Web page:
The struggle for state power and recognition between competing factions in the aftermath of Myanmar’s February 1 coup is worsening social unrest across the country, while Asean is under pressure to take the lead in persuading the multiple factions to resolve their differences peacefully, but itself remains divided on its course of action. 

Where is the path forward?

Below is our take on the issue.

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    Asean must act on to achieve consensus points

    by Tashny Sukumaran

    Asean member states should also be wary of forestalling dialogue efforts by paying undue heed to the principle of non-interference. It must continue discussions and check in to avoid meetings being viewed as mere rhetoric – this would be disastrous for both the people of Myanmar and Asean itself.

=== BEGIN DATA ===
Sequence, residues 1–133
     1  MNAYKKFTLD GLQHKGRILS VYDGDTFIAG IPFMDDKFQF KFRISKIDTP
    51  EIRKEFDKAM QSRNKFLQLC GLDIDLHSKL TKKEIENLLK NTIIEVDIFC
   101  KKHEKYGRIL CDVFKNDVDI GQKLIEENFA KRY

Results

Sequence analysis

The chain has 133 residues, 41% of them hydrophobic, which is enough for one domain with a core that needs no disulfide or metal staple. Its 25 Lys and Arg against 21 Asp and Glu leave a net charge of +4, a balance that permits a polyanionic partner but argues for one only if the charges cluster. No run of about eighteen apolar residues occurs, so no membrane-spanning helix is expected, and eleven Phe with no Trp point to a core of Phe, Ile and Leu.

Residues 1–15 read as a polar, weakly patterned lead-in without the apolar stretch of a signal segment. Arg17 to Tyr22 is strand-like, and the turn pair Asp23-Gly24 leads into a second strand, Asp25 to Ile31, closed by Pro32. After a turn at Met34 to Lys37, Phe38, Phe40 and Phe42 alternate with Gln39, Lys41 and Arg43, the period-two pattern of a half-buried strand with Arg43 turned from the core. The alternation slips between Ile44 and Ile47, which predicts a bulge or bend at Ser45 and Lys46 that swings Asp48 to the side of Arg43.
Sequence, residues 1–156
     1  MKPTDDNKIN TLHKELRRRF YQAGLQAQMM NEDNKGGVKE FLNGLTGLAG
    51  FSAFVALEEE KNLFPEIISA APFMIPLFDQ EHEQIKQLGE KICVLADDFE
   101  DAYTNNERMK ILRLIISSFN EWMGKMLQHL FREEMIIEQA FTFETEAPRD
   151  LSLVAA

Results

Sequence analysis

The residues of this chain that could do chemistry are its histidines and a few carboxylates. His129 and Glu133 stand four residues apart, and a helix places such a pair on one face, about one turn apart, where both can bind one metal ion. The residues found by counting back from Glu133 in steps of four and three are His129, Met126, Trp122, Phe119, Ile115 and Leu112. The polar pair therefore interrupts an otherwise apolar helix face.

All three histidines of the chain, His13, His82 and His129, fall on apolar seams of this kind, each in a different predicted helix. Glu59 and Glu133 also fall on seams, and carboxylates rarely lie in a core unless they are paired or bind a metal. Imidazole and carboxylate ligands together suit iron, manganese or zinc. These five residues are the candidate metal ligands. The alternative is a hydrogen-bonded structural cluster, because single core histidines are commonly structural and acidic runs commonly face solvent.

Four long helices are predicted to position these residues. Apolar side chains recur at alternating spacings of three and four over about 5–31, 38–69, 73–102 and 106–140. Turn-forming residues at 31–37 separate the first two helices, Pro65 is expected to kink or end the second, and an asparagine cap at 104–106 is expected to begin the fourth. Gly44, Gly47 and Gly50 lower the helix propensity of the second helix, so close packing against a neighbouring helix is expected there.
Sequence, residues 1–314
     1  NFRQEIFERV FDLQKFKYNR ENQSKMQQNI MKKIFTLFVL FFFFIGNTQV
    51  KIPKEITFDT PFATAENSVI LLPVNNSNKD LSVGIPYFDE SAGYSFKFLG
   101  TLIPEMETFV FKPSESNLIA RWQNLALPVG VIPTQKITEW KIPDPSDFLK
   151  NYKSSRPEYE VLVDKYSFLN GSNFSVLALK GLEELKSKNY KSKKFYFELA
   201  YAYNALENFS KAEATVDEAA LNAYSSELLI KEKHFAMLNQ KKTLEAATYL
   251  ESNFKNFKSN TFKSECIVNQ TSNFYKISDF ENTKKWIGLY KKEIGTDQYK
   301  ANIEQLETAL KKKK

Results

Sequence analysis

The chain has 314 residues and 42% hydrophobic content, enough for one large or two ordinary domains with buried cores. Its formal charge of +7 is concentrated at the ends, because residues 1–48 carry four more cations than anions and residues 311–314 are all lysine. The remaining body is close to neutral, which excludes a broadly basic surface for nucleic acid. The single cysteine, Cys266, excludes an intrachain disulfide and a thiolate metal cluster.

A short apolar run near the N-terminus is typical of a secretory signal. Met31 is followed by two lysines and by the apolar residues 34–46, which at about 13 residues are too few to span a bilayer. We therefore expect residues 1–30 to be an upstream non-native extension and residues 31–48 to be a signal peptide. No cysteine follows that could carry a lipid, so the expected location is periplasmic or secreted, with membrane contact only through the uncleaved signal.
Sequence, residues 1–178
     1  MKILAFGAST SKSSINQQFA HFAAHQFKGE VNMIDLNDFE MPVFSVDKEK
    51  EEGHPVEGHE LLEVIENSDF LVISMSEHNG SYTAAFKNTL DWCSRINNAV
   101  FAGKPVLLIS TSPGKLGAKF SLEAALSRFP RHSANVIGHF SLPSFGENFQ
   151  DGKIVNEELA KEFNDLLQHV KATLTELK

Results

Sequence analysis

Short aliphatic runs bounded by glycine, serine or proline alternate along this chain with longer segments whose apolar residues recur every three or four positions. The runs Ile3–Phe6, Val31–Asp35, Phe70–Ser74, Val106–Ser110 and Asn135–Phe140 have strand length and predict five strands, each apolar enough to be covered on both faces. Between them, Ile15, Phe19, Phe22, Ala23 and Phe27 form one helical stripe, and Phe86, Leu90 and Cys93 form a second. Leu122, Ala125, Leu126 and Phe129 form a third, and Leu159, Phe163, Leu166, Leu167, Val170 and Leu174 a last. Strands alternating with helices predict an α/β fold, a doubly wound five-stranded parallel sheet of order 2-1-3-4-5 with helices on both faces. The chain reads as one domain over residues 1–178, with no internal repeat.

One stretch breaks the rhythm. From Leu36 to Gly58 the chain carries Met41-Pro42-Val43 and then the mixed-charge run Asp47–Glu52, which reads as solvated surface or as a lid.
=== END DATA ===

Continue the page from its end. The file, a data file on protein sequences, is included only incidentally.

Read her article

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    Why Asean must deal with the generals

    by Thomas Daniel

    There are no quick and clear solutions to the violence in Myanmar. The Tatmadaw, as reprehensible as they are, are a stakeholder that policymakers have to engage with. Asean needs to deal with the situation as it is, not as it would like it to be.

    Read his article



    Ambassador Pou Sothirak

    Ambassador Rizal Sukma

    Ms Gwen Robinson

    Mr Stephan Pierre Sakalian



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